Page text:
Thames & Severn Canal
At just over 28 miles long, the Thames & Severn Canal is the easten section of a waterway that is referred to as the "Cotswold Canals". It meets the Stroudwater Navigation at Stroud.
On the Thames & Severn Canal there have been two main projects in 2019: Weymoor Bridge and Inglesham Lock, undertaken with the assistance of WRG camps and Cotswold Canals Trust (CCT) volunteers.
The restoration of the structure of Inglesham Lock is now complete. In 2009 CCT acquired the lock from British Waterways and had a deadline of 15 years to complete the work. The trust continues to clear vegetation upstream of the lock.
Weymoor Bridge is also now complete and in active use following the building up of the approach embankments and laying of a tarmac road. Substantial coping stones in the style of those found on the surviving original bridges provide the most important feature of this stunning heritage restoration.
On the remaining NLH-funded sections, there has been some really good progress on Phase 1A during the last year.
Back in 2015 volunteers from CCT undertook the enormous challenge of stripping and rebuilding Ham Mill Lock; the timescale of a year was achieved. During and following the rebuild, an off-side wall adjacent to the bridge below the lock was found to have collapsed, and the 40m-long by-wash culvert to the lock had also failed – these features took longer to repair than the lock chamber itself! The good news is that work has now finished, and vessels can pass through the lock. This was a great historic moment as the last coal barge worked up through the lock in 1934.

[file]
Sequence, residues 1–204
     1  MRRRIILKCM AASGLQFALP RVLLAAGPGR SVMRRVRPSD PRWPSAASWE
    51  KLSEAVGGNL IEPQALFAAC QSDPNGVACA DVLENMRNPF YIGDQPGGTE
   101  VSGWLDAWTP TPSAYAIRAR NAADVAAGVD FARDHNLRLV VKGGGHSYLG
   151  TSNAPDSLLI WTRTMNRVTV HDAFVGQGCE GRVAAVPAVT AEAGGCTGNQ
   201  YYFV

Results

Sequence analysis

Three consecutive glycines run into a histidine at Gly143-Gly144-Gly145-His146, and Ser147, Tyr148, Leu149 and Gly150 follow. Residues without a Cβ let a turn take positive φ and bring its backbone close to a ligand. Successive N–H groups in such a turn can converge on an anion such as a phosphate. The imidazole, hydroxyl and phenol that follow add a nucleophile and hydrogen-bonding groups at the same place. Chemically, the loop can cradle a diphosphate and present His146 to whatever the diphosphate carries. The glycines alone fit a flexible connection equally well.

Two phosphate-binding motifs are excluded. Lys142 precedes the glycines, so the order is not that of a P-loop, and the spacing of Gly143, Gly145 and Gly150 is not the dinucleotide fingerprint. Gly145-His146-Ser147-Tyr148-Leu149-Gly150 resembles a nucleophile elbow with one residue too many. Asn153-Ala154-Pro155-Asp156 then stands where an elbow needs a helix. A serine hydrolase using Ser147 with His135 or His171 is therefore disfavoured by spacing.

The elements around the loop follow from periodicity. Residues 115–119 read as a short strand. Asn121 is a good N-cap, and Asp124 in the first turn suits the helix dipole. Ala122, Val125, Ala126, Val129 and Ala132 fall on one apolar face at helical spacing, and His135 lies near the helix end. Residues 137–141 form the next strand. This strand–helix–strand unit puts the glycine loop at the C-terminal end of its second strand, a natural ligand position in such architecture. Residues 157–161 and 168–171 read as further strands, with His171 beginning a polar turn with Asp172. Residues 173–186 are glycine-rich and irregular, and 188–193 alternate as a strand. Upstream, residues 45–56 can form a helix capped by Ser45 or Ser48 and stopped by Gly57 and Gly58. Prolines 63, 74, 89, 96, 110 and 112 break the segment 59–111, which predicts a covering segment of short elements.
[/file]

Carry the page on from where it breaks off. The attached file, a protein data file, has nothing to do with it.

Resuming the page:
The replacement pipeline at the Goughs Orchard Siphonic Canal Feeder has been installed. This will transform the amount of water available in the Stroudwater Naviagtion upstream of Stroud and enable it to be used more generally.
Finally, CCT volunteers have successfully transformed the historic Lodgemore Bridge in Stroud. Having been restored previously to a manual hydraulic lift-bridge and failed, the trust took on the task of electrifying the structure and it is now a fully operational electric-hydraulic bridge.